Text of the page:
Review by Gary 'pigboy' Swartz
These four guys from Winnipeg (formerly known as the Blue Meanies) probably won't win any awards for most brilliant lyrics. Or for inventing the most original new rock and roll riffs. Or for breaking ground in a new rock genre. At least not this time around.
But it matters not at all. They've worked their way through the indie ranks to garner themselves major label support and production in L.A. And what they do deserve an award for is for bringing that energy and that sound, so appreciated by those of us who like to frequent bars, to the studio and for getting it down on plastic.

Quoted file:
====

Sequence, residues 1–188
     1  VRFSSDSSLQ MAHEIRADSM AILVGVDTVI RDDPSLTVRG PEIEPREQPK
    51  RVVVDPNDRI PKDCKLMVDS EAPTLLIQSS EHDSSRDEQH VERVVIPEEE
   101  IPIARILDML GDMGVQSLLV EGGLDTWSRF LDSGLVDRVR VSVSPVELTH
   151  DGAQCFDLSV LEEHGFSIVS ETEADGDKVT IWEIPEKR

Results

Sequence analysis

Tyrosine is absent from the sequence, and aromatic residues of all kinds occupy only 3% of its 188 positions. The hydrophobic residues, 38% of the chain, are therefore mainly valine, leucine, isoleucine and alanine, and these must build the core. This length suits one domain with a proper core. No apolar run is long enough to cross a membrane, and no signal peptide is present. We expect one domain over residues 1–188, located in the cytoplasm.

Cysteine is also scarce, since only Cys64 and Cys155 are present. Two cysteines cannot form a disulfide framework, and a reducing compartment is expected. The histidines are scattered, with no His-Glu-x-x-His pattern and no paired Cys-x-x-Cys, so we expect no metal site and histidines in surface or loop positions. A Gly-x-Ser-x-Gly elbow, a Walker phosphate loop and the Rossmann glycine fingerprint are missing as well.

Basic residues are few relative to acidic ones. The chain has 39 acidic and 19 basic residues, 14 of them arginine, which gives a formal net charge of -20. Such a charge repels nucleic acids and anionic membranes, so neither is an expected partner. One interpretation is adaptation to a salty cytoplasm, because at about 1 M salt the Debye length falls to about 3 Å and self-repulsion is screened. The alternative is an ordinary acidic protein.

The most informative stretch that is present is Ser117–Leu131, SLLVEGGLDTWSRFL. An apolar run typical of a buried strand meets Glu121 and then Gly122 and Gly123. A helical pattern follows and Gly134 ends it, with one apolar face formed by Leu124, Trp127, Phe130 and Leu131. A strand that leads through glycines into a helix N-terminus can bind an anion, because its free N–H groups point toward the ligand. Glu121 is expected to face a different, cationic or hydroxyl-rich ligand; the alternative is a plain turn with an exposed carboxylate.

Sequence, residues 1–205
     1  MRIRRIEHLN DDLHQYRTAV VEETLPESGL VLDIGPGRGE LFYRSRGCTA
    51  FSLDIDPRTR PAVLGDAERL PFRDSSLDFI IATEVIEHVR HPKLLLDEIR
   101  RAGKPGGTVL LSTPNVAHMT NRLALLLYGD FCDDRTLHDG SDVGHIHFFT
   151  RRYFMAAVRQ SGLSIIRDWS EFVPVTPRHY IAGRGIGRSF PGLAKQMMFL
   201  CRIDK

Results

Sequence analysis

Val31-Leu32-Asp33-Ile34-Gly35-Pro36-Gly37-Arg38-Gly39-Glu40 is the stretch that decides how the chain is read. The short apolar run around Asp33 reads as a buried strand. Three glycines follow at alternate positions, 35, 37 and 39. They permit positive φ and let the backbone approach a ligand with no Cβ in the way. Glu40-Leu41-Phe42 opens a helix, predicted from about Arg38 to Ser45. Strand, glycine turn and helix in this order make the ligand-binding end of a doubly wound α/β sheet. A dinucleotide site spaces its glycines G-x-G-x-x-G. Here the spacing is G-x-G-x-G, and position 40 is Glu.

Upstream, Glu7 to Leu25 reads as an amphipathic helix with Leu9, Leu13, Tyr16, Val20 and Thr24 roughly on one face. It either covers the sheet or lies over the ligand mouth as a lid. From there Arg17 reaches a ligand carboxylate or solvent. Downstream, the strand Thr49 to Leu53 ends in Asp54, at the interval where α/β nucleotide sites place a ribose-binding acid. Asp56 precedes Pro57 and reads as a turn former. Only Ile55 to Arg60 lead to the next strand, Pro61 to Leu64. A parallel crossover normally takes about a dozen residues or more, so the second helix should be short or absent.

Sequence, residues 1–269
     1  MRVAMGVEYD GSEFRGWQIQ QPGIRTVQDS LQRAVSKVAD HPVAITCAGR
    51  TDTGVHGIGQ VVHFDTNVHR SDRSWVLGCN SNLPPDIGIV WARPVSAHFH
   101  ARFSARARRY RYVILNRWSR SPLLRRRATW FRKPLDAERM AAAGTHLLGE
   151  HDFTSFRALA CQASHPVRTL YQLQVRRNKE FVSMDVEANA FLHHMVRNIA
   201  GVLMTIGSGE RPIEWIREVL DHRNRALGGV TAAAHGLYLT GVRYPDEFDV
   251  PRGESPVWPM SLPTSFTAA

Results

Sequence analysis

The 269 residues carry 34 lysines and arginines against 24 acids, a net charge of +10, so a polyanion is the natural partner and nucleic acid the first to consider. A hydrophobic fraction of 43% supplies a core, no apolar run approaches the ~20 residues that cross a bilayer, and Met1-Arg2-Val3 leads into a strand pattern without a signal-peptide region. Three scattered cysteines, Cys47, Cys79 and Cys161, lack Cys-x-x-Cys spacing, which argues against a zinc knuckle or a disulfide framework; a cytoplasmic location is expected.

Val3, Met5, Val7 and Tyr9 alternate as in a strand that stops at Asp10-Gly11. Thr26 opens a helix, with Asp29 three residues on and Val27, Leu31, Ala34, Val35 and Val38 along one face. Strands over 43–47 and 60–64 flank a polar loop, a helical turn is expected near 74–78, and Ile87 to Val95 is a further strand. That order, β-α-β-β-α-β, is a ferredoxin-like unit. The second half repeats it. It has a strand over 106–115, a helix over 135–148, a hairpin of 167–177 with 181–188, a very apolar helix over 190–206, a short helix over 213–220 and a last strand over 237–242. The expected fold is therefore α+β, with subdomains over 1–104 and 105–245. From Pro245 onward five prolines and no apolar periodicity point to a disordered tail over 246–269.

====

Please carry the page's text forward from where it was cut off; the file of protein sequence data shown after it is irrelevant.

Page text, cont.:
This is music meant to be played loud. To get you to your feet and keep you there, except for the odd trip to the fridge for another cold one. At times you wish they might have done a better job of hiding their influences, but they did induce this ancient reviewer to go searching for an old James Gang album. And they have done a nice job of not drifting into a rut, attributable no doubt to their years as a bar band.
Those with an ear for the radio-friendly will probably get off on tunes "Letting Time Pass" and "Scenic Anomaly." I, for one, was glad to get a taste of harpin' from front man Damon Mitchell on "Meatrack" and a serving of horn stabs on "Communication." Oh, and the band's guitar work ain't too shabby either.
These guys have paid their dues and it shows. Can't wait to try out Three Seeds on a hot summer day with the top down.
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